The first in the series of books by Jason Goodwin with protagonist Inspector Yashim, an eunuch with connection to the Sultan and his mother in 19th century Istanbul. A pleasant low-suspense mystery that allows the reader to get Goodwin’s insights into the politics, culture, and daily lives in Istanbul in that period before the upheavals of the twentieth century. I’ve also read the last in the series in which Goodwin’s writing seems a bit more mature, practiced. I don’t mean to imply that this is not good. It just gets better when one reads more than one in this sequence.

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Eggplant Cheese Cake

Aubergine-cheesecake-001After requesting Yotam Ottolenghi’s book Plenty More: Vibrant Vegetable Cooking from London’s Ottolenghi I felt compelled to find a recipe and cook it. Since it is early July there are lots of eggplant available at our local farmers market, so I settled on Eggplant Cheesecake. His recipe is available online at Yotam Ottolenghi’s aubergine ‘cheesecake ‘ recipe. I made a few changes and the result ahs received rave reviews here. Here is my version of this great dish.

  1. Preheat oven to 400.
  2. Butter a 9 inch springform pan. Grind about a half cup of walnuts fine and coatd the buttered portion of the pan with them.
  3. Using about 1 1/2 pounds of eggplant, peel the eggplant and cut into 3/4 inch slices so you have a collection of rounds.
  4. Put the eggplant on a baking sheet coated with parchment paper. Brush or spoon 1/4 cup of olive oil on the eggplant. It is important that the oil soaks in and that you use it all. Sprinkle with 1/4 tsp of salt and several grinds of black pepper. Bake for 20 – 30 minutes making sure the eggplant slices are tender and have a bit of a crust on top. Cool.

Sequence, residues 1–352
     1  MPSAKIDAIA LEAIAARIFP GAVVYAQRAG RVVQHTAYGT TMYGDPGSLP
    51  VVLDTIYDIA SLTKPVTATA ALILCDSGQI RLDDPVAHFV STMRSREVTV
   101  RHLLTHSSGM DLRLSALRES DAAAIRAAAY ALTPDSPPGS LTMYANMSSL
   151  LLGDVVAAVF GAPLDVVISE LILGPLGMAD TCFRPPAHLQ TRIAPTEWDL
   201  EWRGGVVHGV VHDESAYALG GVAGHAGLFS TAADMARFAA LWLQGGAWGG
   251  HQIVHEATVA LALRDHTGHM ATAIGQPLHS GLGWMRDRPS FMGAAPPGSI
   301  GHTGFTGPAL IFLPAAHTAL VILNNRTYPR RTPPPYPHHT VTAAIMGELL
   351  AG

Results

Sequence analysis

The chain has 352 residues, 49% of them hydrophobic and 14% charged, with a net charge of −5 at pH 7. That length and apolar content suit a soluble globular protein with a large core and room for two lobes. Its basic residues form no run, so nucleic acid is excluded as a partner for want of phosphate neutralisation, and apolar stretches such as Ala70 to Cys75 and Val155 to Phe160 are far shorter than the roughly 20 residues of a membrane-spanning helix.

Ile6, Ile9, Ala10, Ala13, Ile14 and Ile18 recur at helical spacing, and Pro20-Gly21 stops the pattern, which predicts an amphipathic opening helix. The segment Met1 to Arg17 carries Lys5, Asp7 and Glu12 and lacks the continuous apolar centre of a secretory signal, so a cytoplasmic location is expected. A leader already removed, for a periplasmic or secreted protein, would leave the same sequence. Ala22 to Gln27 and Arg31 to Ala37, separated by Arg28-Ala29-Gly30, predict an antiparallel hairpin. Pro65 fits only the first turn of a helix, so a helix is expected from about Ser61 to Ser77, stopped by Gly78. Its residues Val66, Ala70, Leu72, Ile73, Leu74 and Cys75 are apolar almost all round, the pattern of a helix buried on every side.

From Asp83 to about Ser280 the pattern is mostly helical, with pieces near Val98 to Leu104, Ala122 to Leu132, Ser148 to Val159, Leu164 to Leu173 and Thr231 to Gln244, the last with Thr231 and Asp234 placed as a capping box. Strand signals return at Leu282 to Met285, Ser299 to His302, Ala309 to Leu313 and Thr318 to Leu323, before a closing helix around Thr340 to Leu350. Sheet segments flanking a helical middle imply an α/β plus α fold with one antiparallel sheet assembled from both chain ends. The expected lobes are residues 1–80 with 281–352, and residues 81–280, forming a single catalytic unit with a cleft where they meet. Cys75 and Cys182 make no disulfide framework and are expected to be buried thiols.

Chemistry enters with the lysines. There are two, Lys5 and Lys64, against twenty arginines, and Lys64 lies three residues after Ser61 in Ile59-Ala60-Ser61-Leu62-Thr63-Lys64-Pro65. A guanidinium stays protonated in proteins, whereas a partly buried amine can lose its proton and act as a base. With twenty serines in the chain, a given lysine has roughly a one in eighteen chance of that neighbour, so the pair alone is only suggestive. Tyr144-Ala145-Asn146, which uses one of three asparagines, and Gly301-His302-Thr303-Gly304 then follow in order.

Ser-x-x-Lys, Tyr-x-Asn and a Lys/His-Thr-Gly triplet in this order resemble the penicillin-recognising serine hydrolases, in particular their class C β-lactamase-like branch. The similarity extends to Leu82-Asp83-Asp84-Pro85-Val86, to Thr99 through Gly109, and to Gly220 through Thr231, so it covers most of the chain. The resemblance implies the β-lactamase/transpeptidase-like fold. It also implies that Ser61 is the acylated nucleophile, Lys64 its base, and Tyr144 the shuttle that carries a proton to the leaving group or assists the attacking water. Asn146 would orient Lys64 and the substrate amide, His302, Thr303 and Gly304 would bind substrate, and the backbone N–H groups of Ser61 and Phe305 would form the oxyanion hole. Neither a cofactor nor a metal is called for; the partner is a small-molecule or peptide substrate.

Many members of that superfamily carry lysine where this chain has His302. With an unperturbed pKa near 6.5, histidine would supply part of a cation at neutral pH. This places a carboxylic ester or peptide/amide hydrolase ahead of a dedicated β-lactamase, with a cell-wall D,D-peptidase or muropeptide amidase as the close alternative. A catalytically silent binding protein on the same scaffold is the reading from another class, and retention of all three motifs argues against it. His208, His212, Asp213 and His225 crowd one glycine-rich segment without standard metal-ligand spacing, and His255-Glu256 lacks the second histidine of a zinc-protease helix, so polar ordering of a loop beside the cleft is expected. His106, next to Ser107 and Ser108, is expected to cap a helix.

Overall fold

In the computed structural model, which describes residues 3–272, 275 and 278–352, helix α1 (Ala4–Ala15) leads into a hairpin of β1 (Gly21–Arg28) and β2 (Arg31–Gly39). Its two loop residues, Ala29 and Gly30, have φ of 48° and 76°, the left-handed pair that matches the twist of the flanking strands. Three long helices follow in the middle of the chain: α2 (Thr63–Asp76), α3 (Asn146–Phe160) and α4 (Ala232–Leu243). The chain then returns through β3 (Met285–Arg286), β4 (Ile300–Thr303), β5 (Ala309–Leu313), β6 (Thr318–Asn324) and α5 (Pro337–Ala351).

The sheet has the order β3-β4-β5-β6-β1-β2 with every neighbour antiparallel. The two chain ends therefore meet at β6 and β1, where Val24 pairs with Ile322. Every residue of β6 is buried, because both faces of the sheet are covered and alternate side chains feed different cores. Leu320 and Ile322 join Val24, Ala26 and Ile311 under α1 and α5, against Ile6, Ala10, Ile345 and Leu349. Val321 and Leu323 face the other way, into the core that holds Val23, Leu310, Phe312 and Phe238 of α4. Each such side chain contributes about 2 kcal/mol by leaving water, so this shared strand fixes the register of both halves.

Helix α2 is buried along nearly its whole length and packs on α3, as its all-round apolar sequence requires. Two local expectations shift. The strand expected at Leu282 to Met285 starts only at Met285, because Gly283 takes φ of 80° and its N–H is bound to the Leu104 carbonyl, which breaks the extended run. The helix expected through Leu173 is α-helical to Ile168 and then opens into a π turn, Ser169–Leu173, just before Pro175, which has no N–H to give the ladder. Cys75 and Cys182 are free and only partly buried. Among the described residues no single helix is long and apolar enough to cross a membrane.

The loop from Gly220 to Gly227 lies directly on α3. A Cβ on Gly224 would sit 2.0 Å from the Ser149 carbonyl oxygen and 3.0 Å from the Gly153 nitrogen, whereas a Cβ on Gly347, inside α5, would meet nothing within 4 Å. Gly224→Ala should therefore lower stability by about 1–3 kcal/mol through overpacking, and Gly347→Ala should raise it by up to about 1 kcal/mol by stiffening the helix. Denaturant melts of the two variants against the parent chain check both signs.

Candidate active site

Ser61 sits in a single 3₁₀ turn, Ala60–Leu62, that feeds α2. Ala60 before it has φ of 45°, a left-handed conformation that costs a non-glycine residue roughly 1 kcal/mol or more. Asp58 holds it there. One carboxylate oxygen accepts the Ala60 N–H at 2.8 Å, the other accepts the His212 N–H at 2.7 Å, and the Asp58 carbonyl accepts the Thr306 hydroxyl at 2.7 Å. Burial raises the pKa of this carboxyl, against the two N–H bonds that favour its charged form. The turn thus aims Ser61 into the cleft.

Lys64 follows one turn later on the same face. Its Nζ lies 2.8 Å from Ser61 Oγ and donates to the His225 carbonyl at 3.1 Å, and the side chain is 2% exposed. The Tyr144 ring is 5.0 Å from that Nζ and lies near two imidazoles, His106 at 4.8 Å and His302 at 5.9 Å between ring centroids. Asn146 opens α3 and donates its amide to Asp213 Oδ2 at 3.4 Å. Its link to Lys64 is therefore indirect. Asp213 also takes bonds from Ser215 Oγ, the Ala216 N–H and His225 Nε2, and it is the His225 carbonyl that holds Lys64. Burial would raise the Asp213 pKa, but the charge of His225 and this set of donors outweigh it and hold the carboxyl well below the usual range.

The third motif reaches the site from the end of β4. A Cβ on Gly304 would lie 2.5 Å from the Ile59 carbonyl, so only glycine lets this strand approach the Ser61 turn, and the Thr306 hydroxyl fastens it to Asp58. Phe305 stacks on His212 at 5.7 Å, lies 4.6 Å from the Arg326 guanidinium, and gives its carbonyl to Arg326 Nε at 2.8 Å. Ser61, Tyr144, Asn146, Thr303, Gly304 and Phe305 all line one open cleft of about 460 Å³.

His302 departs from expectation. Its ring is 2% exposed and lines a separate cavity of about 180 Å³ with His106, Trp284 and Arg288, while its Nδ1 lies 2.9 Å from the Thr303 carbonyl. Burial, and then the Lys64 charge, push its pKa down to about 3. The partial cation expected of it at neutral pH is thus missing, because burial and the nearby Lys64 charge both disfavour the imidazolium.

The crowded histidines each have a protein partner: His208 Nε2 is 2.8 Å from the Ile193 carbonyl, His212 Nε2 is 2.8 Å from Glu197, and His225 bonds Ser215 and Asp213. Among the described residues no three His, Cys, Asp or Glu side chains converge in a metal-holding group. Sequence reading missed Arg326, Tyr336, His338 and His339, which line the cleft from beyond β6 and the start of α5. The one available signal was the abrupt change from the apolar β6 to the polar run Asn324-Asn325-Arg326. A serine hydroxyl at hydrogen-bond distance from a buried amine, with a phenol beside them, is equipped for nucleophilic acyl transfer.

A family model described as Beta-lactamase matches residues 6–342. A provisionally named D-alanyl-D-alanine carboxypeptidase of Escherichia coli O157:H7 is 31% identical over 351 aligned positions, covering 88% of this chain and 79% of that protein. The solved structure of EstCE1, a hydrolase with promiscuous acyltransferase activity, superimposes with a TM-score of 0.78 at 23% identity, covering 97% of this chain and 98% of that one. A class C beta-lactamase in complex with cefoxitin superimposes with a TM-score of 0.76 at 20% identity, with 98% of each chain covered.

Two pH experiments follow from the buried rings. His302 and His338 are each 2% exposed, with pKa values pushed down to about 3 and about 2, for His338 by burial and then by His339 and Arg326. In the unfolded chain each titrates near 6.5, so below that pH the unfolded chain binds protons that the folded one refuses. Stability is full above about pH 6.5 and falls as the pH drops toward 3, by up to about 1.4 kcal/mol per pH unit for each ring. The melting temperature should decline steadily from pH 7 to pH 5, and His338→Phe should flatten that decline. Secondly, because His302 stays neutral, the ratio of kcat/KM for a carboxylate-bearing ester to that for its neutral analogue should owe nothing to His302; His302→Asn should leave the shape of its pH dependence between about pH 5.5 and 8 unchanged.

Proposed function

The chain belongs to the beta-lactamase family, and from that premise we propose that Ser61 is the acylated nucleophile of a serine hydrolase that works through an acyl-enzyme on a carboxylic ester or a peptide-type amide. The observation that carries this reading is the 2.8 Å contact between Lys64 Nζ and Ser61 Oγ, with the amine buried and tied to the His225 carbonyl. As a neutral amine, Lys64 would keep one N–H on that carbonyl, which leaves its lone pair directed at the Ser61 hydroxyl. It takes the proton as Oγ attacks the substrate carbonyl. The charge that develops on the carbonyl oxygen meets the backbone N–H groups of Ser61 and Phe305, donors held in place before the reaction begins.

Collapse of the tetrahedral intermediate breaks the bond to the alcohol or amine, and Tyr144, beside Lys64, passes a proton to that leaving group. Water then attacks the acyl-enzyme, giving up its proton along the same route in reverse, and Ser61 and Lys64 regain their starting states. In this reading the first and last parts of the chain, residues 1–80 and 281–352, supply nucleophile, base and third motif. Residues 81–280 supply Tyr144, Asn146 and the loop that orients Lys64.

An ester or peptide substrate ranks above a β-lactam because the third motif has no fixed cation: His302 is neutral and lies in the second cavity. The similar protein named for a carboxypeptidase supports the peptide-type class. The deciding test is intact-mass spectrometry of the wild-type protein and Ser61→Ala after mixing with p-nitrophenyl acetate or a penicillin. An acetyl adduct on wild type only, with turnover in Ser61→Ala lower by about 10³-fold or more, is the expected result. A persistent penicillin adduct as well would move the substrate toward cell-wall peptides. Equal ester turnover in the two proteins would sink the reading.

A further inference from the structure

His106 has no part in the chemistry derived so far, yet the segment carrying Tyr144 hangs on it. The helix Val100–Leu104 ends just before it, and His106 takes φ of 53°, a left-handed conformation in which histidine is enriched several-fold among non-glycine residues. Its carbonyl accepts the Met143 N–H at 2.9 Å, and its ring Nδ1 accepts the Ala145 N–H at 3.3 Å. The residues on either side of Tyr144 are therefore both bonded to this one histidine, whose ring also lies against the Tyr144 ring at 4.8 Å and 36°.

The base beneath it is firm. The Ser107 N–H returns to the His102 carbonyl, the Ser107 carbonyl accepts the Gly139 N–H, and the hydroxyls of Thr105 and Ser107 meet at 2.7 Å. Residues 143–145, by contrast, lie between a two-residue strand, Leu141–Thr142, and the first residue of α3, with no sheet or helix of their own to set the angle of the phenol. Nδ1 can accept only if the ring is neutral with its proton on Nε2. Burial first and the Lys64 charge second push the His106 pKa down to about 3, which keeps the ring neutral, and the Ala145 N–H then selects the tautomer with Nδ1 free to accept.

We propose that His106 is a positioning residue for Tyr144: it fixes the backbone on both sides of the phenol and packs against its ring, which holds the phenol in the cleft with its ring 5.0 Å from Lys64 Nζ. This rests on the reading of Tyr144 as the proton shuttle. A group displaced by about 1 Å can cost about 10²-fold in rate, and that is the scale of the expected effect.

5. Set heat to 325. Mix 5 oz. Feta cheese, 5 oz ricotta, 3 eggs, 1/4 cup cream, and some pepper until smooth. I used a whisk.
  6. Put the eggplant slices in the baking pan, layering them or standing them up. Add 1 cup of halved tomatoes, putting some of them under  the eggplant slices. sprinkle about 1/4 cup of oregano leaves on top and pour in liquid mixture. Smooth it out. Sprinkle about another 1/4 cup of oregano leaves on top.
  7. Bake at 325 for about 25 -35 minutes until the custard sets and it is a little brown/golden on top.
  8. When cool, take the ‘cake’ out of the springform pan and spread a mixture of 1 1/4 teaspoons of Zatar and 1 tablespoon of olive oil on top and the sides.
  9. Enjoy.
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Brief review. White Heat: The First Edie Kiglatuk Mystery (Edie Kiglatuk Mysteries) by M. J. McGrath

White Heat: The First Edie Kiglatuk Mystery (Edie Kiglatuk Mysteries)

Edie Kiglatuk is a woman of half Inuit heritage. She lives in one of the Canadian portions of the Arctic very near Greenland. She’s an accomplished hunter and guide. A person who can deal with much of the modern world but also held in another world through her heritage and her culture. An admirable heroine. The book takes her through mystery, terror, and great sorrow while providing a description of an isolated land and peoples. This is the first in a series of three current books. I’ve read the first two in succession and now reading the third. A pretty good recommendation, no?

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Brief review. The Woman and the Ape by Peter Høeg

The Woman and the Ape

A nice treatment of the conflicts between our manufactured perfection and the perfection of the natural world. The woman comes from her perfect world and an ape, capable of speech and intelligence we often associate with humans is captured from his world. The two come together, live together in an excellent fantasy. Very nicely done.